Phil LeBeau is a CNBC auto and airline industry reporter based at the network's Chicago bureau. He is also editor of the Behind the Wheel section on CNBC.com.
LeBeau has reported one-hour documentaries for the network, including "Dreamliner: Inside the World's Most Anticipated Airplane," "Ford: Rebuilding an American Icon" and "Saving General Motors" and "Failure to Recall: Investigating GM."
Prior to joining CNBC, LeBeau served as a media relations specialist for Van Kampen Funds in Oak Brook Terrace, Ill., and was instrumental in implementing an initiative to communicate the company's mutual fund and investment practices to the public and the press. While at Van Kampen, LeBeau held a Series 6 license.
Previously, he held general assignment reporting positions at KCNC-TV, the CBS affiliate in Denver, and KAKE-TV, the ABC affiliate in Wichita, Kan. LeBeau began his career as a field producer at WCCO-TV in Minneapolis, where he wrote, produced and researched consumer stories. He graduated from the University of Missouri-Columbia School of Journalism with a bachelor's degree in journalism and broadcasting.
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AutoNation CEO Mike Jackson calls it the "freak out point." It's the price for a gallon of gas when consumers will freak out and make a conscious decision to change their driving habits, the type of car or truck they will buy, or perhaps decide not to buy at all.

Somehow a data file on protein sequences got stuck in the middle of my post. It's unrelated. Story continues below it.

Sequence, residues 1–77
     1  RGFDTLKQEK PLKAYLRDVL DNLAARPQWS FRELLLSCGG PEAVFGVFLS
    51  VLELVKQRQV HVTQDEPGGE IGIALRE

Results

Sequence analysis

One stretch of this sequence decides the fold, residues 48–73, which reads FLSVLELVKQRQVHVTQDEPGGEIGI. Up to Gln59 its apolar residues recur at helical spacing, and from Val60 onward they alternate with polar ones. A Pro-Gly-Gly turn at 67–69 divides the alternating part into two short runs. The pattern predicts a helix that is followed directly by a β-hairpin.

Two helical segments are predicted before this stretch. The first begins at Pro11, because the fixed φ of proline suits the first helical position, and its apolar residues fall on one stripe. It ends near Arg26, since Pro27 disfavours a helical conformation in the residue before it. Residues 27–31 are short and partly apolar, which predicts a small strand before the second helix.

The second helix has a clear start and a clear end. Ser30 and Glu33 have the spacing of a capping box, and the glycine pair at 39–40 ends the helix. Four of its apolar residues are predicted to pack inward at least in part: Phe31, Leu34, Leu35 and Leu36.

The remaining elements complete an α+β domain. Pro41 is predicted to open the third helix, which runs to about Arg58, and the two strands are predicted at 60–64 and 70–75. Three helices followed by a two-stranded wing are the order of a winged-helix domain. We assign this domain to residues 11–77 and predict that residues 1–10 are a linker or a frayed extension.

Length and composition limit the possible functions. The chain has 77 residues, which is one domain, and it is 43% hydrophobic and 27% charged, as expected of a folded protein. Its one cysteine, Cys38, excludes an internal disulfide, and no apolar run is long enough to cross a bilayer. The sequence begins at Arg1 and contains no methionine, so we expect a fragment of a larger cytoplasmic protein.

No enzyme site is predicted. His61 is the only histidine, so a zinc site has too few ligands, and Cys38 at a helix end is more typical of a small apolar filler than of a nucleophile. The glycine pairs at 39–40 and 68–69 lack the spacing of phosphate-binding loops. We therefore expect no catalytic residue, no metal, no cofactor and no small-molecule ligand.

It's a common complaint, I hear and yes, have even lodged myself: red light cameras are ridiculous and a tool cities use just to rake in money through tickets. We like to portray ourselves as victims. After all, our driving is never the problem right?
Given the long and growing record of recalls and bad press, you'd expect Toyota to lose millions of customers. And yes, while its sales have not grown as fast as the industry in the last year, Toyota is still the world's largest automaker....here's why.
A new technology designed to protect drivers from potentially deadly collisions and stop thousands of fender-benders is moving closer to being a standard part of every car and truck. In fact, it could be in every new car within the next five to six years.
They'll tell you in Detroit, being #1 isn't the most important thing. After all, it's profits not market share that matters. But you can bet GM wanted to pass up Toyota for the global sales title.
There's a puzzling line of complaints/digs being hurled at General Motors about its plan to run ads during the Super Bowl. It goes something like this, "GM shouldn't be spending millions of dollars running spots during the Super Bowl because the company is just coming out of bankruptcy and should spend its money more prudently." I've seen variations of this criticism on line and heard it from several people at the Detroit Auto Show a few weeks ago.
The new, lighter Ford F-150 will offer substantially better fuel economy, according to official miles per gallon estimates.
The surge in the dollar to an almost seven-year high versus the yen is bad for Ford stock, if past history is a guide.
The nation's auto safety agency is telling Chrysler to speed up a recall of older Jeeps with gas tanks that can rupture in a rear collision.
An executive from Japan's Takata Corp told U.S. senators on Thursday that the company may not be able to move quickly enough with air bag fixes.
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